Where does the talent come from?

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Tradition and individual Talent

“… French were the less spontaneous. Perhaps they are; but we might remind ourselves that criticism is as inevitable as breathing, and that we should be none the worse for articulating what passes in our minds when we read a book and feel an emotion about it, for criticizing our own minds in their work of criticism." Paragraph 2

            Critics developed popular believes on works of art and language. “Criticism is as inevitable as breathing” is a brilliant way to explain my last blog. We all subconsciously critique works of literature.  Do you like it, do you not like it are two ways that everyone critics literature, however it only means something if you define why you like it or why you don’t.  Which brings me to the next quotation.


“This historical sense, which is a sense of the timeless as well as of the temporal and of the timeless and of the temporal together, is what makes a writer traditional. And it is at the same time what makes a writer most acutely conscious of his place in time, of his contemporaneity.” (Bottom of paragraph 3)


So does timelessness make a work traditional? Why does something have to be timeless for it to have substantial meaning in the future?  A peace of writing can mean much more in the past because of its surroundings at the time then in the future where the scenery of the poem has been changed.  If the history is not remembered the poem is not timeless at all. So is it the history of a poem that makes it timeless and the timelessness makes its traditional. Why must something be temporal and not spiritual?

" No poet, no artist of any art, has his complete meaning alone. His significance, his appreciation is the appreciation of his relation to the dead poets and artists. You cannot value him alone; you must set him, for contrast and comparison, among the dead."

First of all, what about the living artistes, why cant you compare new artiest to living artists? I do agree however, with the fact that other art creates the meaning of a work.  People are affected by many different things that change the way they create their art through out their lifetime.  Which is why the background of an artist is important when doing a literary criticism of a certain literature. 

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Katie Vann said:

Kayley, I really liked how your blog was very different from everyone else in that you didn't get sucked into the debate about whether or not emotions can be used to write poetry. Instead, you took a completely different section of the assignment and raised some different questions. I enjoyed reading your blog because it wasn't the same material as what everyone else seems to be bringing up. I had one question for you when I was reading your blog. It was about the timeless questions you were raising. You stated that in order for a work to be timeless, its history needed to be remembered as well. For a work to be timeless, would the history for it be that important if it is a work that can be applied to different generations throughout time? By doing this, it would be addressing a situation/feeling/whatever it was describing that would be shared and experience by people no matter what time period they lived in.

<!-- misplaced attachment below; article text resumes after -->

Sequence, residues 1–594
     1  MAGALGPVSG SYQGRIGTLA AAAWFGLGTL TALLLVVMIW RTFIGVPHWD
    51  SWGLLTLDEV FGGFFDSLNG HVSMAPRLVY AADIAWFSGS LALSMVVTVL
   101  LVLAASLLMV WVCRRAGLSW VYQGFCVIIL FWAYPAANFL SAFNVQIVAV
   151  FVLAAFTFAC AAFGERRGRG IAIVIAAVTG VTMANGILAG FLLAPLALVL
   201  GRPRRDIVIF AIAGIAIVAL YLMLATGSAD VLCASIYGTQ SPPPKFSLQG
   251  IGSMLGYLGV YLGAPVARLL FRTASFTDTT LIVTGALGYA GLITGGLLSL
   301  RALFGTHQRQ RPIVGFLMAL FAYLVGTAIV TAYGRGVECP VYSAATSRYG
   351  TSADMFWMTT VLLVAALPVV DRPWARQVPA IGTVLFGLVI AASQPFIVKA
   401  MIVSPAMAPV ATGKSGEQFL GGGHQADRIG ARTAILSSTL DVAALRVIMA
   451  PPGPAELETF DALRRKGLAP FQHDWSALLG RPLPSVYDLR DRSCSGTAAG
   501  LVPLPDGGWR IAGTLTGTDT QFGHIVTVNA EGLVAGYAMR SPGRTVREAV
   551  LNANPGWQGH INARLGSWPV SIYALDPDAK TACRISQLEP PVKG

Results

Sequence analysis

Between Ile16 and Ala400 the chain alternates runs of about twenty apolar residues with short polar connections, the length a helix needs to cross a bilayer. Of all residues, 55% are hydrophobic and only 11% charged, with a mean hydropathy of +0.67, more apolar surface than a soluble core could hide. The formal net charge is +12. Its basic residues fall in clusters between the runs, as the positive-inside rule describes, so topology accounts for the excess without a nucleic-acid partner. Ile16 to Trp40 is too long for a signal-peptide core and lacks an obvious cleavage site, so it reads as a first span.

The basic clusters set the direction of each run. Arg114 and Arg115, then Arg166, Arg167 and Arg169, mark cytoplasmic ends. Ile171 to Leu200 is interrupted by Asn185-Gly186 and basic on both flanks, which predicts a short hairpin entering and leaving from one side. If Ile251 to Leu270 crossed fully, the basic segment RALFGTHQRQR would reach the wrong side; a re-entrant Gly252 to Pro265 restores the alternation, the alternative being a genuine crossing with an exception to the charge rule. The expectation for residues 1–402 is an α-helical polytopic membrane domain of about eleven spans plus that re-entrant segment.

KayleyDardano Author Profile Page said:

Kate I guess it would depend on the work for example if you didn’t know that in Shakespeare time there were a lot of arranged marriages or that people were married young back then you may read the story as absurd. Why would a 14 year old risk her life that way it changes the perspective of the story without the history which then alters the meaning? But I guess what I was trying to say was sometimes the history is needed to create timelessness. So the message may relate to today’s society only if you make connections with the history involved.

Greta Carroll said:

Kayley, I almost picked the first quote that you commented on in this blog for mine. However, I was drawn to it mainly because of Eliot’s commentary about the negativity or criticalness of the French, I found his commentary on this topic rather amusing…but anyway, I liked how you didn’t just discuss one quote, but three. I had to read your entry several times in order to appreciate all the questions were posing and considering.
As for what makes something traditional, I am inclined to say that the meaning of “traditional” like the definition of “literature” is for the most part indefinable. What tradition is to us, like literature, is always going to be affected by our value-judgments.
However, I am going to have to agree with Katie a little bit on what she said too. I definitely agree with you that knowing the history surrounding a work adds a whole new level of meaning and dimension to literary analysis, but I don’t think it is necessarily essential. Take Shakespeare, as you mentioned, I don’t consider “The Merchant of Venice” to be such an amazing work of literature because Shylock is a Jew and at the time Jews were viewed with much suspicion in Europe. I love the play because of the overlapping relationships within it and I love it because of the strong female character of Portia, along with many other reasons. I think it’s important to note that these relationships and Portia’s personality would still exist regardless of when the play was set. So while I think it is important to keep the context of a work into consideration, it’s not the history that makes the work.

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